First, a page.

Tuesday, May 28, 2013

Too many words and time for kindergarten

I'm pretty sure Reid grew into a kid this weekend. He is definitely not a baby anymore.

Between Friday and Monday, I think he added at least 10 new words to his vocabulary. He now calls his Pepere by name. It's very sweet. He also can make the sounds for almost 10 different animals. Do those sounds count as words?

If that wasn't enough, Jack finished preschool... forever. He'll never go to preschool again. That's crazy!

Thank goodness we left for a weekend getaway. I thought I might have a complete emotional breakdown last Thursday when I realized what was happening with our boys.

Reid spent our weekend in Michigan playing with the "big" kids. He chased his cousins, Sophia, Matthew and Emmett, all over the place. He ran around a children's museum with reckless abandon. This kid usually hangs pretty close to me at play dates and parks. Not any more. He was mister independent on our trip. Well, except when he wanted Daddy.

I also couldn't believe how much he was talking and communicating. He didn't have any trouble getting what he wanted whether that was something to eat or drink, a new diaper, or playtime with the kids. I guess 18 months means he's a kid now.

And Jack... well he's definitely a big kid. All weekend long he wanted nothing to do with me or Steve. He just wanted to play with Billy or Grandma Sue or Emmett or anyone else. It took a little getting used to seeing him just take off and play without hesitation.

I didn't see him much at the children's museum. When I tried, he ran away. When we were at the house, he was heading down to the beach or to fly a kite or just downstairs to the other condo to play. I did get to read him a book Saturday night. That was nice.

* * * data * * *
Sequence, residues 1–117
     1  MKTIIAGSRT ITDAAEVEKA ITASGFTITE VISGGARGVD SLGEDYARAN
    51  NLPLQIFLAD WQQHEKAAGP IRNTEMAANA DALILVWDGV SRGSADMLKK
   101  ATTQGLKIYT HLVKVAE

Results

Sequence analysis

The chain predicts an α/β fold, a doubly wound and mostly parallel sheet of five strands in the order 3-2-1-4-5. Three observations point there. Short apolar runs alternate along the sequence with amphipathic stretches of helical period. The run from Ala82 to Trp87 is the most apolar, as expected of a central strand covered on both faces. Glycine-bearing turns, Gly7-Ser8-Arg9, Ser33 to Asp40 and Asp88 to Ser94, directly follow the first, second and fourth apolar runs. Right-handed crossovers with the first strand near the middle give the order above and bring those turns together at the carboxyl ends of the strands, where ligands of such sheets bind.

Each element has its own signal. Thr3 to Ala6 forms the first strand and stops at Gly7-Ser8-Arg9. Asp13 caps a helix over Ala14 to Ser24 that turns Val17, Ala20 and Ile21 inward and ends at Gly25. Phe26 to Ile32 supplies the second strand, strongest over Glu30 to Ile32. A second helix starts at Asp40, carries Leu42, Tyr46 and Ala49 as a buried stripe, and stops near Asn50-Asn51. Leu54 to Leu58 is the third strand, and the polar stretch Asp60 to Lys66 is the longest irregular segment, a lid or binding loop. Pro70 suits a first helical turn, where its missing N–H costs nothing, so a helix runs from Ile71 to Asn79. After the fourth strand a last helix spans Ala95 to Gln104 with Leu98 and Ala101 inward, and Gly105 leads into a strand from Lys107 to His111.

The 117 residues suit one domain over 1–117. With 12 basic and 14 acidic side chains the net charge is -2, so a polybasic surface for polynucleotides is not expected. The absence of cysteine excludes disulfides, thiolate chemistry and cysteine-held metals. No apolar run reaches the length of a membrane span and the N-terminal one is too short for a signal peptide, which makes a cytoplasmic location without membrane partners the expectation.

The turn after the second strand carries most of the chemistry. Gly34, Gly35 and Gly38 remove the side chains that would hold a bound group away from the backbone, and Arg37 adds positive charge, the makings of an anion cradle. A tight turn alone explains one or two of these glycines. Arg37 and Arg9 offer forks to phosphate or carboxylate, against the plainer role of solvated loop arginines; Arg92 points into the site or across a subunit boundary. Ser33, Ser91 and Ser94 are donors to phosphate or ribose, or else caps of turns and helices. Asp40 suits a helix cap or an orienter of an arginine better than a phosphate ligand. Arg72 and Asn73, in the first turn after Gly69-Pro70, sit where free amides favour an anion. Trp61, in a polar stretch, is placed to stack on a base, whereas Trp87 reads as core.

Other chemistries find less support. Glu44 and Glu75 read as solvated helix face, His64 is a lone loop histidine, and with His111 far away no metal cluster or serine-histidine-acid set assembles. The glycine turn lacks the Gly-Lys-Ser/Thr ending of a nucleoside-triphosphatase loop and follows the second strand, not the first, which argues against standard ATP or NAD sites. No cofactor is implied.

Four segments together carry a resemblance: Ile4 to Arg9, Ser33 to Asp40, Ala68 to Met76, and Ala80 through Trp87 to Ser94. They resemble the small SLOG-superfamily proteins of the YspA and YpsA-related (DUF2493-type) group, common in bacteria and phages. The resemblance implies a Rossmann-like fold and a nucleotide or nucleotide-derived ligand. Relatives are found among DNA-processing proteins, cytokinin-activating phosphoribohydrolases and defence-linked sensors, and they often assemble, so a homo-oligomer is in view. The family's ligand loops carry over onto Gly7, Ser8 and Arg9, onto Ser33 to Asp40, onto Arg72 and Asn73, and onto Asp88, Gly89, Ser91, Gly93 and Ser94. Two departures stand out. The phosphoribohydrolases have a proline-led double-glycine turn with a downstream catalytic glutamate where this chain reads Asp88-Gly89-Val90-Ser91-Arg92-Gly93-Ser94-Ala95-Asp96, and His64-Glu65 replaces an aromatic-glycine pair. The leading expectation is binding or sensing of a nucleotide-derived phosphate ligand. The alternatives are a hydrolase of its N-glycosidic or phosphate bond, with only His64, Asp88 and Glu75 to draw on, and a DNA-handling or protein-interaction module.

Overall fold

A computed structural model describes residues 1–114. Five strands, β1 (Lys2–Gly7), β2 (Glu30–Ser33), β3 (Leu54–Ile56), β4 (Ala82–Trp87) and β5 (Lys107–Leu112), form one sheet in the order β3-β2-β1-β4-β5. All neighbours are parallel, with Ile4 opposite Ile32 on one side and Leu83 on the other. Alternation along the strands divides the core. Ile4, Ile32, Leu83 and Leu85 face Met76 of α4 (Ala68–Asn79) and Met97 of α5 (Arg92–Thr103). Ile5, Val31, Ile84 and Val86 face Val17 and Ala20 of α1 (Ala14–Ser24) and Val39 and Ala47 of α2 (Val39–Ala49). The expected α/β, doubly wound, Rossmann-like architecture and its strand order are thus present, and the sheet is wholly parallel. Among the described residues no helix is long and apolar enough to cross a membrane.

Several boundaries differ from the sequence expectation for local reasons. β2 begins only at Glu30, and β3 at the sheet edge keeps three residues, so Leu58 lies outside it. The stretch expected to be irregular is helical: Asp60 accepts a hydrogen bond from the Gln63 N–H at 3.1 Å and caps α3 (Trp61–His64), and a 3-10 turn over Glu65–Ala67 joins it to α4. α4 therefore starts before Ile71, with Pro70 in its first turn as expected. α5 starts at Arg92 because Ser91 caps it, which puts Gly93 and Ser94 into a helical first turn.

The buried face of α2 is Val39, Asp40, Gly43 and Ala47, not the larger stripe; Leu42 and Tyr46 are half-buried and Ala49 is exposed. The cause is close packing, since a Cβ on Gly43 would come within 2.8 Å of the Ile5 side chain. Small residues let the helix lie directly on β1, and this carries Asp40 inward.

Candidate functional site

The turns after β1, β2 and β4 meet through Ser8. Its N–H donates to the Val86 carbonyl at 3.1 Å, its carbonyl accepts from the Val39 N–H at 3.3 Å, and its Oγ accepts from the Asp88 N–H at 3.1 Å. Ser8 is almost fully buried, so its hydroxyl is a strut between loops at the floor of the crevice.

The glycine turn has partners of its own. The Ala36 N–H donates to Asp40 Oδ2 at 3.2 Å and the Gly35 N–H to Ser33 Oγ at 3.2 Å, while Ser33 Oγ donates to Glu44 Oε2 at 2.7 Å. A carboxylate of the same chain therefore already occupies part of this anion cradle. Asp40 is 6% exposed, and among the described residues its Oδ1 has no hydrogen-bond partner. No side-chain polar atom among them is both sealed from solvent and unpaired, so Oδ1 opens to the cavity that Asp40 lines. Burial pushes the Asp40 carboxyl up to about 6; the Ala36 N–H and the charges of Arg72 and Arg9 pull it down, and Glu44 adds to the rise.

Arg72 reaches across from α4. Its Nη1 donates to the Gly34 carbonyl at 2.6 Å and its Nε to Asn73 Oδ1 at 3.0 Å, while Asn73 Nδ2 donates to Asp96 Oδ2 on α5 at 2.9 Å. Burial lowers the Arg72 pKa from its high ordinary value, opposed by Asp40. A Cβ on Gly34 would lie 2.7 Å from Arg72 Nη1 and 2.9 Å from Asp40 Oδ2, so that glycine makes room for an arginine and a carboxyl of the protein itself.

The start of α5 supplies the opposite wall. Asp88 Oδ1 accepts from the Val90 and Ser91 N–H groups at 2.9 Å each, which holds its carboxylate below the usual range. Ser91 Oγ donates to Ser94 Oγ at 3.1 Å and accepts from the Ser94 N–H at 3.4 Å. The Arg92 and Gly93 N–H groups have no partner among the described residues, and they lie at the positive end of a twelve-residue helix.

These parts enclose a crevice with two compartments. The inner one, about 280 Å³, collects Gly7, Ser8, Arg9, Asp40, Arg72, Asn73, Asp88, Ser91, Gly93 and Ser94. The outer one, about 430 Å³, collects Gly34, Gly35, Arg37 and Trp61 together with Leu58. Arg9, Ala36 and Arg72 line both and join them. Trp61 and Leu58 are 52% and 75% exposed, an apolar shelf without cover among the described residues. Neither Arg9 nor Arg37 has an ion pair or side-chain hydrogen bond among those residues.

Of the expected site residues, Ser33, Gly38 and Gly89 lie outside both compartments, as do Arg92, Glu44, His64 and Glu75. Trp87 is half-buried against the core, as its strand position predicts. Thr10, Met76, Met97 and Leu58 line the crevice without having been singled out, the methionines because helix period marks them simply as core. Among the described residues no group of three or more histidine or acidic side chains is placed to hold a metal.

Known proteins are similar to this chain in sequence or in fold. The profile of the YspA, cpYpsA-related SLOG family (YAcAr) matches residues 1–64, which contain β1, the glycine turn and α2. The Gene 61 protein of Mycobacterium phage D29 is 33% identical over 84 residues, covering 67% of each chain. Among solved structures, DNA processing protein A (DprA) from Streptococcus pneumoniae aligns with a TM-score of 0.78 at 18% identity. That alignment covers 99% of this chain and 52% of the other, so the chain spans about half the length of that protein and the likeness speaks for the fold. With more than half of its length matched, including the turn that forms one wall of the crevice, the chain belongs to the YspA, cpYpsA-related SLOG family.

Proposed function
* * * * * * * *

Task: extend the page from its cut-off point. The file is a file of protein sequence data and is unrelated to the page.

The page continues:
In the end, it has been very gratifying to see our boys come in to their own over the last week or so. They are both pretty amazing kids.



Jack's first day of preschool

Jack's last day of preschool

Thursday, May 16, 2013

Is Spiderman real?

Lately, Jack has been trying to determine what is real and what isn't. He focuses mostly on people.

At first, I found his questions unsettling. Is Curious George real? Well, no. But do I ruin his innocence in a great story? I did tell the truth.

He's been asking the "Is ... real?" for about a month or so. And now I'm really enjoying watching the learning process. I think I might be learning a little myself, too.

Is Elmo real? Well, yes and no. How do you explain the reality of a puppet by the fictionalization of a character? That lead to a wonderful discussion about creating stories.

Jack was very disappointed to learn that Bill, the country kid friend of Curious George on the cartoon show, was not real. "I really like him." I tried to reassure him that he could still really like Bill, he is a pretty great character.

Today's question - is Spiderman real? That was a toughy. I didn't want to destroy his belief in super heroes. The picture of Spiderman that he was looking at was of an actor's portrayal, not a cartoon, making it a little more difficult. At first I tried to defer and say I wasn't sure. But that felt like a lie. So I went back to the character explanation.

But that got me thinking too. Can't characters be real? I mean, can't they come to life in their stories? I can't count the number of books that I have read where I feel like I have a relationship with the characters. And now that we read to the boys so often, we share those feelings about the characters in their picture books too.

These characters become a part of our reality. We talk about what they do, what they look like, what they experience just as much as the "real" people we know. Jack tells me about the things George does at least three times a day.

So how do we decide what is real?